High school students learn how to dance the Houston Two-Step at the Eastwood Academy gym.  

ON A RECENT RAINY SATURDAY, a handful of high school students were hanging out inside the spacious Eastwood Academy gym, filling out nametags and waiting around with an air of anticipation—for some, perhaps, quiet dread—as a Bluetooth speaker played R&B hits. Most had shown up by choice, although one, a freshman named Avin, said he was there “because my dad made me.”

They were there to learn the Houston Two-Step, our city’s swing dance. The free Saturday class is taught by three of the city’s best two-steppers, Jay Owens, Latesha Thompson, and C.C. Sutton of Flo-Motion Dance Association, whose mission is to get teens to enjoy and preserve the historic dance—something of a tough sell in the age of dabbing, twerking, and Milly Rock.

The Houston Two-Step was born out of the jitterbug in the 1930s and nurtured at the Eldorado Ballroom and other African American clubs in Houston during the 1940s. It developed organically, over time, like other regional swing styles, including the DFW Swingout, Detroit Ballroom, and Chicago-Style Stepping, but by the ’80s and ’90s it had all but died out. By then younger generations had lost interest, didn’t know it existed, or didn’t care for the older folks’ teaching methods. “They’d just drag you through the movements,” Owens said, “even in the club. It turned people off.”

Owens didn’t encounter the dance until 2007, when “old-school” local legends like Lee “Smooth” Perry, Master Redd, and Willie “2+2” Fleming made an effort to revive it in Houston. They helped him to cultivate the fluid style that led to his own illustrious nickname: Flo-Motion. He soon won competitions, gained a following, and, about a decade ago, started Flo-Motion Dance Association to teach the two-step himself, even going so far as to create and copyright a curriculum for teaching the dance—zero dragging involved.

What does the Houston Two-Step look like? The students in the gym that day quickly discovered that as they lined up across from each other to form couples—yes, it’s a partner dance. They learned how to hold hands, with each lead dancer stretching out three fingers that his partner would hook onto. “Now don’t be nervous,” Owens advised the dancers. “Boys are always more afraid than girls.”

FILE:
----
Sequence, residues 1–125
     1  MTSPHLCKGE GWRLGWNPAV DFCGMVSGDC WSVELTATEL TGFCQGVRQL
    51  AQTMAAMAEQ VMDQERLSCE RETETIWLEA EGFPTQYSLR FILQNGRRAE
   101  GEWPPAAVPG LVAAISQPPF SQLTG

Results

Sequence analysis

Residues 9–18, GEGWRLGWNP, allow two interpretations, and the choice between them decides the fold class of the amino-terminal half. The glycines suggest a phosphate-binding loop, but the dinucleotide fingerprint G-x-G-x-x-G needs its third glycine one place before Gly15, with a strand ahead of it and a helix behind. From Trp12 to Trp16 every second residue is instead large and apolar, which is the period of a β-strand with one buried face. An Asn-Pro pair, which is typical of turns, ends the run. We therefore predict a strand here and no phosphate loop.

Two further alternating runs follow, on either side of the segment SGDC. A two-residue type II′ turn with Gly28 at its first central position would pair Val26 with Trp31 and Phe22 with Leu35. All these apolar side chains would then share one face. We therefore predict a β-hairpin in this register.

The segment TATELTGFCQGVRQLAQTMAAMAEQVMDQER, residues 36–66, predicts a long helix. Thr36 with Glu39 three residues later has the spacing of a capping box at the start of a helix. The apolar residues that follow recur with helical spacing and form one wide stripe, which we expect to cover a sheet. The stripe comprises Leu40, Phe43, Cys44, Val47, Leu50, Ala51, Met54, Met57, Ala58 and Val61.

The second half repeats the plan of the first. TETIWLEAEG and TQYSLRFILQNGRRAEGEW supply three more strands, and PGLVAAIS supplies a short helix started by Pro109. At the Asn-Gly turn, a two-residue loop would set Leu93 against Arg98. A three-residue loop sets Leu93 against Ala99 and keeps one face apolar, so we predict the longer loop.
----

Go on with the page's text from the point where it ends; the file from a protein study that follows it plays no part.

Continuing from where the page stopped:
The guys learned to gently lead their partners, marching in place through the six-count “basic” position before trying the three-count “walk” across the gym. Soon Ella Mai’s “Trip” began to play, and the dancers counted out their steps, following Owens’s calls of “Basic!” and “Let’s walk.” It wasn’t long before the couples were moving on their own, including Owens and Sutton, whose sparkling high-heeled ballroom shoes appeared set to the spin cycle.

“This is your dance,” Owens told the students. “Your city’s dance. What I want to do is get enough of you doing this so we can hold social dances. You can get as good as you want to, okay? And you can put your own style into it.”

Afterward the teens relaxed with Doritos and juice, chatting and showing off moves while two of Flo-Motion’s junior competitive dancers, Zaria and Ethan, glided across the floor, practicing a routine they’ll perform at the International Swing Dance Championships in May. The duo took first and second place in the Junior Division last year, blowing away the competition, even though they’d only recently learned the dance. If it’s up to Owens, though, soon they’ll have a lot more competition.

“Kids always get it fast,” he said, smiling. “It’s the adults that have a hard time.”

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